In my second trip to Greece, I was going more like a scientist of the camera. I wanted to independently to any mass media´s information about the refugee crisis; to go on my own and explore with my own senses and consciousness the real situation that refugees from Syria, Afghanistan and other places were living in Greek soil.

From across Europe where I was, it all seemed so vague and confusing. Misinformation with false suppositions that did not get any closer to the lives of these thousands of people fleeing from war, was urging inside of me for transparency and truth. It was an imperative voice inside that asked me that I had to get closer to them and if anything, see things for myself and become a tiny bridge for their voice to be somewhere if anywhere heard.

Visiting these various ¨refugee camps¨, was enough to realize the big failure of this so called European Union, which had not only failed in processing bureaucratic papers for these people and receiving as many as they said they would in the different countries of the EU, where they were supposed to become integrated in their society, but also a EU that has failed to provide them with a safer temporary situation in terms of shelter, food, health and education.

European authorities seem to agree amongst them, that leaving the lives of thousands of people simply parked in camps with no incentive to facilitate any sort of autonomous organization for food, education or other needs, but instead; keeping them dependent with little care, with daily food to the edge of being rotten, with scarce professionals that can help with their psychological or physical difficulties after undergoing through a war and a long survival journey, and with a general feel of abandonment.

Bad quality food, structures as shelters made of plastic where they spent the whole year either stuffed with heat or with freezing cold, limited bathrooms for such a large group of people, poor managing of the garbage, etc.. are some of the difficulties they experience everyday to keep strong and healthy to overcome this situation they landed in not by choice, but by necessity.

Women carry around pots of water that they try to heat with the sunlight so they can bath their young children, only because the bathroom facilities not only are minimal for all these people, but also there isn´t hot water to bath with.

I saw one camp with more than 2.500 people, where there was only one doctor to attend people in need, or where only two translators could try to respond to the inquiries and questions that keep people anxious, because; who can possibly be at ease not knowing when your child will be able to go back to school, or not being able to access a doctor when your baby cannot breast feed…?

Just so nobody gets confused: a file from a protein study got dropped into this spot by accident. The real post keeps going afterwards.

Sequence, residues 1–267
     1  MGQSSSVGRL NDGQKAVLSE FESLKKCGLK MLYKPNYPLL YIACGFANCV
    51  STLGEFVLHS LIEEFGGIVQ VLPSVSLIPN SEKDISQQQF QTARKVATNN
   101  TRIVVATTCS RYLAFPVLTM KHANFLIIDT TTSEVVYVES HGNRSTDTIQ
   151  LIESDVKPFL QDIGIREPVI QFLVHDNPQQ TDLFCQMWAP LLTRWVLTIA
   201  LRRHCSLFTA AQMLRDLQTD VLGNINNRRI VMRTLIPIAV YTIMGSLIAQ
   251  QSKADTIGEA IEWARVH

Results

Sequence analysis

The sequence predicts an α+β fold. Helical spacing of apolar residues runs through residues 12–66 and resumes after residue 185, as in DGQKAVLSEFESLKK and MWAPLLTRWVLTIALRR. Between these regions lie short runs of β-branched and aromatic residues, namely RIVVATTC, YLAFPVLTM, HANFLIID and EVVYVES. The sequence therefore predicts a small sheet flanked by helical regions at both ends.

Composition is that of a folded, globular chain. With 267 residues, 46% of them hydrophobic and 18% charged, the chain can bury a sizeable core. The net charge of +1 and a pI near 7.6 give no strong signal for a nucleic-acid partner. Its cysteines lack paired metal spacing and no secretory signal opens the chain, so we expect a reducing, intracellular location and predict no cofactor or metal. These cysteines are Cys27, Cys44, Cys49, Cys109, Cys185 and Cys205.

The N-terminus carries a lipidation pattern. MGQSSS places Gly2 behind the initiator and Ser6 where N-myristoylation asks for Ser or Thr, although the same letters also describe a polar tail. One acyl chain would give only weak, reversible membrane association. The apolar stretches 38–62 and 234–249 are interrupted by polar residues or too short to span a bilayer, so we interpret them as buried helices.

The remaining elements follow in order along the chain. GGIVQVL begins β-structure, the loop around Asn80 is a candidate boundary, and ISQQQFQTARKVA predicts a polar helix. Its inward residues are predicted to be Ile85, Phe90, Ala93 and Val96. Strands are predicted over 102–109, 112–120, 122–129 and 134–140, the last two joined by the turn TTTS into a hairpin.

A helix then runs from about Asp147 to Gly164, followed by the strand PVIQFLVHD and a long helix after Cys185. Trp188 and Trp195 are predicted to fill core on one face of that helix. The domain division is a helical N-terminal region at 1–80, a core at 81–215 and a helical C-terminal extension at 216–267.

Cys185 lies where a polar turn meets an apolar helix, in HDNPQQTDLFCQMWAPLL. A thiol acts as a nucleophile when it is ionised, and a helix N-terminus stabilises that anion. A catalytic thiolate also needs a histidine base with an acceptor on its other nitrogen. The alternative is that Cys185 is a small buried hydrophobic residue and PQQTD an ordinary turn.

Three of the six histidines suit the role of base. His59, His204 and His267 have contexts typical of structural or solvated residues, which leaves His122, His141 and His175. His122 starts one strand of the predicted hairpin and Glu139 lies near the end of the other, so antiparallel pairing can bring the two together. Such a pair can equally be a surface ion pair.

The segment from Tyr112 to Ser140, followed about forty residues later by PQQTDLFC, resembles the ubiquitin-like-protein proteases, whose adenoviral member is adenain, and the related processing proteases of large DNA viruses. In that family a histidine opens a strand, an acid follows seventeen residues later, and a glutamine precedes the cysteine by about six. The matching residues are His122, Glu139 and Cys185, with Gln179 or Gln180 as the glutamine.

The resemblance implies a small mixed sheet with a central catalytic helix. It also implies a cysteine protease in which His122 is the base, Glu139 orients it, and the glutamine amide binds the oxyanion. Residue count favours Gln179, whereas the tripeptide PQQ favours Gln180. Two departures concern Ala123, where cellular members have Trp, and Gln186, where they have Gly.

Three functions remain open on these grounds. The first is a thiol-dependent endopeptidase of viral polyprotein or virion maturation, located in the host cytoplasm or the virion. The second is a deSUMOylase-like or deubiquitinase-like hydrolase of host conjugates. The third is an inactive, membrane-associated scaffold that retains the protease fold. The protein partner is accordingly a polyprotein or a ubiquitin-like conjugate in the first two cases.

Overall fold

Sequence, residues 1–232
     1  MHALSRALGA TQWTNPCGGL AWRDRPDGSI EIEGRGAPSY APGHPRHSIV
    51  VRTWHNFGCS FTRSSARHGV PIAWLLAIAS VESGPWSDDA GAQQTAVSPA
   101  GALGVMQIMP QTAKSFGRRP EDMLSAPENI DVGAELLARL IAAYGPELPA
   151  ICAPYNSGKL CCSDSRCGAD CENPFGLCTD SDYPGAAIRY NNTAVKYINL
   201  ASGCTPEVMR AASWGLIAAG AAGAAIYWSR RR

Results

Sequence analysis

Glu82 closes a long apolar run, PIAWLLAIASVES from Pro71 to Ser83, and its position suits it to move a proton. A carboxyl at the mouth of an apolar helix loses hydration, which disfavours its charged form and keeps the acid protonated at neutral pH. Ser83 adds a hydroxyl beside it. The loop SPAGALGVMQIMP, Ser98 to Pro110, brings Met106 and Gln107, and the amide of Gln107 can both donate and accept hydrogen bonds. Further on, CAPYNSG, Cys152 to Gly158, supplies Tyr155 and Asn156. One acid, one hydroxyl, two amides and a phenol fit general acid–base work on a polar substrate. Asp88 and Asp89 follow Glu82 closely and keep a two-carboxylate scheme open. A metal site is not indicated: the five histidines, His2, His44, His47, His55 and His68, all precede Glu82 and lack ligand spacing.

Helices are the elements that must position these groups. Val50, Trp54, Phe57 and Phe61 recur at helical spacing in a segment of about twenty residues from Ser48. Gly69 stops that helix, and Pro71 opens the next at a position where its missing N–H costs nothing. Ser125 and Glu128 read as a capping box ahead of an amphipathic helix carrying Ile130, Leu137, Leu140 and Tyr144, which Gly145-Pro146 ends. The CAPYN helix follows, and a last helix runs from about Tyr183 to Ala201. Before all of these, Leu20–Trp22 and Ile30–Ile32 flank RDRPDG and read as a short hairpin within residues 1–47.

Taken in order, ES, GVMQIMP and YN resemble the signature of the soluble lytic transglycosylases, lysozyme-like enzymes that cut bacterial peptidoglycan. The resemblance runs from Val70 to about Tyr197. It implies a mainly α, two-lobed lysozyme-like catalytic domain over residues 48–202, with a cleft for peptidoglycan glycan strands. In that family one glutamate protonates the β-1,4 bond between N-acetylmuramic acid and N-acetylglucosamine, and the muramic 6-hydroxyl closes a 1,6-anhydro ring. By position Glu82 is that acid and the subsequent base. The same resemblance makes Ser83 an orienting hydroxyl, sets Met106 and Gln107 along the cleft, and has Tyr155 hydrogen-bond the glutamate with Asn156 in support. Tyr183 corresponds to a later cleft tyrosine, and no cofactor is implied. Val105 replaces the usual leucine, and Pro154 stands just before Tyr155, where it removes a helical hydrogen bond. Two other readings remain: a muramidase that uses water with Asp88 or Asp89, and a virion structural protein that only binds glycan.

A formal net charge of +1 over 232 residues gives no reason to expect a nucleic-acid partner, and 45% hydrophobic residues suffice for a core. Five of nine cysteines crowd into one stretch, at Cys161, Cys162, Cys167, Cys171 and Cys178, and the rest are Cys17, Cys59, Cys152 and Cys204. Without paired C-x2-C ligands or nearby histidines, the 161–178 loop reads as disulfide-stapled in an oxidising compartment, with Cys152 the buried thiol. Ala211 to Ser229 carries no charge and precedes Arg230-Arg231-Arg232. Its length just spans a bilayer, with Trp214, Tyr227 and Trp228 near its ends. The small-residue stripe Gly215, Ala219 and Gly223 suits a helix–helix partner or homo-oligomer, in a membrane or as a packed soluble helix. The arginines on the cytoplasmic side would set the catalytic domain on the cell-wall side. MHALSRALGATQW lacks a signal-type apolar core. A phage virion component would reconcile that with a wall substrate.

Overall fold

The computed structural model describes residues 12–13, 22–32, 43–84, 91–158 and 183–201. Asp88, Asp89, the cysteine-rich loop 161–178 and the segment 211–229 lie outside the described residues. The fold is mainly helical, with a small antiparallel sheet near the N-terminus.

After surviving to war and going through a long treacherous journey where many of them coming from Syria, had a lot of difficulty in Turkish land. They had to deal with organized crime and mafias that took everything they could if not all from them in order to get inside small unsafe boats, which have often been overloaded with people, turning it into very dangerous embarkations where many don´t make it.

Even though the refugee crisis has become a real economical crisis for the island, the islanders from Lesbos have been very welcoming and supporting of refugees, but once they arrived to Lesbos, and taken into refugee camps, the precarious conditions they must face, are a prolongation of the terrible situation they were already escaping from…

I was able to interview several people and families in different ways; meaning through the legal process as well as with illegal entry to camps, my purpose was to give them a chance to be heard even it was by a minimal audience, my mission was to become the carrier of their message that without filters from European television news, stated clearly what their actual situation was/is in this so called hyper sophisticated European union of the 21st Century.

From this documentary evidence, where I conducted interviews and filmed the camps, came out the short documentary film “Adieksodo”, or “Dead-End”.

Through this independent film work, voices of refugees, say what they felt they needed to communicate to Europe. The short film, also denounces a forced exodus as well as an indifferent gaze from international powers who allow thousands of people that could be saved, to drawn. This by itself, is a reflection of a neo-liberal capitalist system that gives priority to the economical power and wars than to human life.